Bertrand R. Brinley: The New Adventures of The Mad Scientists' Club (Purple House Press, ISBN 1-930900-11-2). Made up of: Introduction (Sheridan Brinley); The Telltale TransmitterThe Cool CavernBig Chief RainmakerThe Flying SorcererThe Great Confrontation.

They're mad! They're made, I tell you! The Mad Scientists' return in five more adventures, ranging from making rain to sparring with their rivals to pulling more practical jokes (this time, the big joke involves UFOs). I'll need to get the two novels and continue the adventure!

Oliver Butterworth: The Enormous Egg (Little, Brown, ISBN 0-316-11920-2). I first read this as a kid and was curious to see how it would hold up both in terms of what we've learned about dinosaurs since 1956 and how our daughter would like it. Two thumbs up, way up! One of the chickens at Nate Twitchell's farm in New Hampshire starts acting funny. It lays an egg, an enormous egg. Nate helps the chicken hatch the egg out, and it turns out that it laid a dinosaur, a triceratops, to be precise! Nate enlists the help of a visiting paleontologist (who is certainly happy to have the live version to study) in bringing up baby (so to speak). Eventually he gives the dinosaur to the museum in Washington, D.C. as the New Hampshire winter would be too much (I guess all the hot air in Washington will keep that region warm enough for dinosaurs!). When "Uncle Beazley" (as the triceratops is named) is involved in an auto accident, Congress gets involved. Hilarity ensues as a sequence worthy of something like "Mr. Smith Goes to Washington" occurs and Uncle Beazley is saved by the citizens of his native land. Our daughter was enchanted with the story and I have a feeling we'll be reading it again during vacation. And the science? Hmmm...dinosaurs hatching from chicken eggs? There are actually some pretty good statements about the more than probable links between birds and dinosaurs made. Good stuff!

Evelyn Sibley Lampman:  The Shy Stegosaurus of Cricket Creek (Purple House Press, ISBN 1-930900-09-0). Another favorite from my childhood, and a favorite author. Along with this, two books by Lampman that I recall fondly are The Shy Stegosaurus of Indian Springs and The City Under the Back Steps. The "also by" page of the book mentions one called Rusty's Space Ship, but I can't recall if I read it or not. The book was republished by Purple House Press. Alas, they don't seem to have plans to bring out either Indian Springs or Back Steps, which is a darn shame given the quality of this book.

So did our daughter like this one? You bet! A bit harder to get through, due to both length and the vocabulary (but we always ask when we come across a new word if she understands it and explain it if needed); however, we raced through this one almost as quickly as The Enormous Egg. Twins living on a ranch befriend a lonely stegosaurus who has managed to survive the demise of all the other dinosaurs by munching on sagebrush for a few tens of millions of years. The twins are trying to help their border (a paleontologist, they do get around, don't they!) find enough fossils to keep him at their ranch (and have his money coming in). Toss in a few plot twists and you've got a tale to keep a seven-year-old hopping for several days. More good stuff!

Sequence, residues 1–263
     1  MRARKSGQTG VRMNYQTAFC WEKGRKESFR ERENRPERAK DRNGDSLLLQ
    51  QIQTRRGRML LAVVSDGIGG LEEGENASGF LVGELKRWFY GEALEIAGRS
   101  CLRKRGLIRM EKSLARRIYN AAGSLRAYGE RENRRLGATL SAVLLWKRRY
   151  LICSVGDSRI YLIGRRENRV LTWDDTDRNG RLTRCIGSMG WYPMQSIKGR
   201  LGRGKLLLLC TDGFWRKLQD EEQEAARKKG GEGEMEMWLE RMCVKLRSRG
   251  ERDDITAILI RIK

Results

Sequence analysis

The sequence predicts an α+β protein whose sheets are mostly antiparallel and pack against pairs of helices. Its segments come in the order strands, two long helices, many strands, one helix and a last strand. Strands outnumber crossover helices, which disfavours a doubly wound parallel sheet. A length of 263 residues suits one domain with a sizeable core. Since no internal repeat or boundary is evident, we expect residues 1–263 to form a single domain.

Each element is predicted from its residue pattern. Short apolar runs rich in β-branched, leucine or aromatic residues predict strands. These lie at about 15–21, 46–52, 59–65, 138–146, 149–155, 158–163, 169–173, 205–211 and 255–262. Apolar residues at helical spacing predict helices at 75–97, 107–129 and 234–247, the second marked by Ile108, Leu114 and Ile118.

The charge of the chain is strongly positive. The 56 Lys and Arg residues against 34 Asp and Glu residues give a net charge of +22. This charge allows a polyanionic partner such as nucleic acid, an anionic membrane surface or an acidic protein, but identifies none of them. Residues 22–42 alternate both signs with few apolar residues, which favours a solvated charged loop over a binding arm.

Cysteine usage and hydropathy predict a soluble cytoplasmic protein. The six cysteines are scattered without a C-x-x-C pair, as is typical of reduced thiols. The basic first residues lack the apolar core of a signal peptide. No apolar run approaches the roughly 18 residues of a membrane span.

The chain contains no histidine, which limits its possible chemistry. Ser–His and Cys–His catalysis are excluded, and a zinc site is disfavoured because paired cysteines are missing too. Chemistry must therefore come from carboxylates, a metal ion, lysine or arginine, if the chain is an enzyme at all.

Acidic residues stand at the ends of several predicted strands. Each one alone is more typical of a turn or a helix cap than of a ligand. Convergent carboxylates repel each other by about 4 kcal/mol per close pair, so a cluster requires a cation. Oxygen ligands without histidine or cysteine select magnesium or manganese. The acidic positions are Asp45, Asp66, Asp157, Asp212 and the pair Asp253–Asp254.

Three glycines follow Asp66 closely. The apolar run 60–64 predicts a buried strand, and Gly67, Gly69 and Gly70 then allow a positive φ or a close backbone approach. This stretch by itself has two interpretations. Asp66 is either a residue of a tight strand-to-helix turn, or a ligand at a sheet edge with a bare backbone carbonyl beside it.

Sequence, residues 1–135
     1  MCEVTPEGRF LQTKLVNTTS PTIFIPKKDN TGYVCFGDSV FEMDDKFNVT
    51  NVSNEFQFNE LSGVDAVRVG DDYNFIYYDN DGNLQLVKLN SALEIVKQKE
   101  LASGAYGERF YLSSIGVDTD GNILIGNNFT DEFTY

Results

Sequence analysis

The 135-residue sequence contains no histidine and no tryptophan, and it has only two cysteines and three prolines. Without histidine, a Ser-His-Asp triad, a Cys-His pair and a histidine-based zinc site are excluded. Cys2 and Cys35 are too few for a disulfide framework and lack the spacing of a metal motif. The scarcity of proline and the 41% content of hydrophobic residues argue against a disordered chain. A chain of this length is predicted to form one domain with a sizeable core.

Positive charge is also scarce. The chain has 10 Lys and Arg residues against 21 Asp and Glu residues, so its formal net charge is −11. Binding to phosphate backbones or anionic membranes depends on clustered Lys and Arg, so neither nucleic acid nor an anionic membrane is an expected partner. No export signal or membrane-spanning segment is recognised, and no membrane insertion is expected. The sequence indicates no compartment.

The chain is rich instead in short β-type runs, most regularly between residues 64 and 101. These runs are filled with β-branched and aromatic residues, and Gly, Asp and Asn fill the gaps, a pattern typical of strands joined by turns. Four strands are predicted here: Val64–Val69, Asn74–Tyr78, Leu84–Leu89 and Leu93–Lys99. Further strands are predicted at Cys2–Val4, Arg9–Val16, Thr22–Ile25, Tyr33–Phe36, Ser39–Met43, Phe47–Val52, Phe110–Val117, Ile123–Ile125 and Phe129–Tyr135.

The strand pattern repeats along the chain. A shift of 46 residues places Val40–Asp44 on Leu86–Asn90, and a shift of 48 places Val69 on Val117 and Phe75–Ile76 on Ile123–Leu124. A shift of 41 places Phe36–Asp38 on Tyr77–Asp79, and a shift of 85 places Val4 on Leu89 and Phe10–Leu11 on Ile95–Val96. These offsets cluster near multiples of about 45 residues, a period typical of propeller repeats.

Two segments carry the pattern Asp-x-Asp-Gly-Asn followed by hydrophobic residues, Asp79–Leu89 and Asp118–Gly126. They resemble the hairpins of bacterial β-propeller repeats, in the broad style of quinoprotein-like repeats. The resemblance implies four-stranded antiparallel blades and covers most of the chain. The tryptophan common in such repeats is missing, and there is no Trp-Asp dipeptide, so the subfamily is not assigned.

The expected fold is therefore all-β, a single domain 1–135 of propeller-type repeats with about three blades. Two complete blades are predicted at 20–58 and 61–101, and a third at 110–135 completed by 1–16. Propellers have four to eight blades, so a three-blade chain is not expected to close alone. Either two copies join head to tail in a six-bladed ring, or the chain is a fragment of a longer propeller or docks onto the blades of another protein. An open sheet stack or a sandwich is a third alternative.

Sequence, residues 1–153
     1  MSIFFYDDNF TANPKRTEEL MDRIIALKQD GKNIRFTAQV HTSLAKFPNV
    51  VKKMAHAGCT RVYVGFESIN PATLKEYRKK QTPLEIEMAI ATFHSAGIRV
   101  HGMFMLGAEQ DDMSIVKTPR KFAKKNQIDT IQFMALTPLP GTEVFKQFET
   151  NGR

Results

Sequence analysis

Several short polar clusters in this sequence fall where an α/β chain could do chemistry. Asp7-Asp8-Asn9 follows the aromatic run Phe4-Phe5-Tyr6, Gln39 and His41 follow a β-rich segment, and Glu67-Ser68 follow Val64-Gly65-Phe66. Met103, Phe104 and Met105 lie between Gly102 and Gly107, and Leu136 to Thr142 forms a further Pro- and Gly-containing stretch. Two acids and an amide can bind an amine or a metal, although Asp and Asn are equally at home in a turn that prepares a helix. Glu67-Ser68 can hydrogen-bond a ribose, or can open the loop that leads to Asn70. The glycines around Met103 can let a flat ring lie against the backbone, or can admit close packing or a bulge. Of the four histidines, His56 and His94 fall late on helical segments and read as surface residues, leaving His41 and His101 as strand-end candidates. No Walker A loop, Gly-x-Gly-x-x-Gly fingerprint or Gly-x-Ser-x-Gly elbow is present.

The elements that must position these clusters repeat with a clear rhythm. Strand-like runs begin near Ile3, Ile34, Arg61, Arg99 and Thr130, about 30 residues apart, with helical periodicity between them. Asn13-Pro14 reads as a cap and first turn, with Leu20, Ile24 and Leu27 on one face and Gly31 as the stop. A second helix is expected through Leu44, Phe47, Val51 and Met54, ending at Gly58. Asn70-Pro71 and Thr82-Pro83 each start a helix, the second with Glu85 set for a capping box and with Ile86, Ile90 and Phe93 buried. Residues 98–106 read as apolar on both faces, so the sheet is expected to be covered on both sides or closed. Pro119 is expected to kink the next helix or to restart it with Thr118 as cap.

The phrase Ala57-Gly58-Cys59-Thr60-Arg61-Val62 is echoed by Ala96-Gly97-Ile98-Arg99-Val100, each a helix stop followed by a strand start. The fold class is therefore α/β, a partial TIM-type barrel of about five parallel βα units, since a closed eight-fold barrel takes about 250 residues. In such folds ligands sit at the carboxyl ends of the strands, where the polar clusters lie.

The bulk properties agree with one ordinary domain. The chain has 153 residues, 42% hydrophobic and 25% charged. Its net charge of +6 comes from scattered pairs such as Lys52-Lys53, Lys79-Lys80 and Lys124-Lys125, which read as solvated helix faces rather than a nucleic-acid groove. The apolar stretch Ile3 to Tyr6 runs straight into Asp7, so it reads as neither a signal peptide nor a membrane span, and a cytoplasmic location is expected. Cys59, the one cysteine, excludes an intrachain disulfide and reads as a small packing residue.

Indian Springs continues the adventures of the stegosaurus named George. Back Steps was entirely different and featured adventures in an ant colony. Maybe somebody will bring them into print again (or I'll be haunting those second-hand shops!).

Robert McClosky: Homer Price (ISBN 0-670-37729-5, Viking). Made up of: The Case of the Sensational ScentThe Case of the Cosmic ComicThe DoughnutsMystery YarnNothing New Under the Sun (Hardly)Wheels of Progress. (Counts as six entries in the 2006 Short Story Project.)

Robert McCloskey: Centerberg Tales: More Adventures of Homer Price (ISBN 0-14-031072-X, Puffin Books). Made up of: Grandpa Hercules: 1. The Hide-a-ride; 2. Sparrow Courthouse; 3. Looking for Gold; 4. The Gravitty-BittiesExperiment 13Ever So Much More SoPie and Punch and You-Know-Whats. (Counts as seven entries in the 2006 Short Story Project.)

This pair of short story collections is by a author who produced many classic children's books. You (especially if you're a parent) have probably come across Burt Dow, Deep Water Man or Make Way for Ducklings or the duo of Blueberries for Sal or One Morning in Maine. The first of this pair (Homer Price) was published in 1943; Centerburg Tales followed in 1951. Both were greatly enjoyed by our daughter and I read the entire set to her in about a week. No deep earth-shaking concepts here, just some funny stories about automatic doughnut machines, skunks, balls of yarn and the like. Very enchanting stuff!

George Selden: The Cricket in Times SquareHarry Kitten and Tucker MouseChester Cricket's New HomeTucker's Countryside.

I bought these a while back thinking that our daughter would like them. We absolutely could not get her interested, so I had written it off as a bad investment. Then after we got her interested in some of the other books listed here, we tried again.

Success, sort of. She would not read The Cricket in Times Square. But, she seemed interested in Harry Kitten and Tucker Mouse. So, we started with that one. Then we worked our way through the other books (there are a few others that we have not yet bought), and ended up reading the book that started it all (The Cricket in Times Square) while on vacation. Heck, we read a couple of these through a second time, thanks to Tropical Storm Ernesto. They were a hit (finally)!

E.B. White: Stuart Little. I haven't posted to this in a while as our daughter has moved from having us read to here most of the time, to reading for her very rarely. She is doing most of her reading on her own, sometimes as much as an hour a day! I did read her this one, as she seems to think she can't handle "chapter books" (but she has, so she can!). A lot different from the movie! This was, in parts, a pretty grim tale for a "kid's book"!

Addendum (September 11, 2006): Well, what do you know. I've inspired somebody to search for a memory. (2019 Update: Link no longer valid.)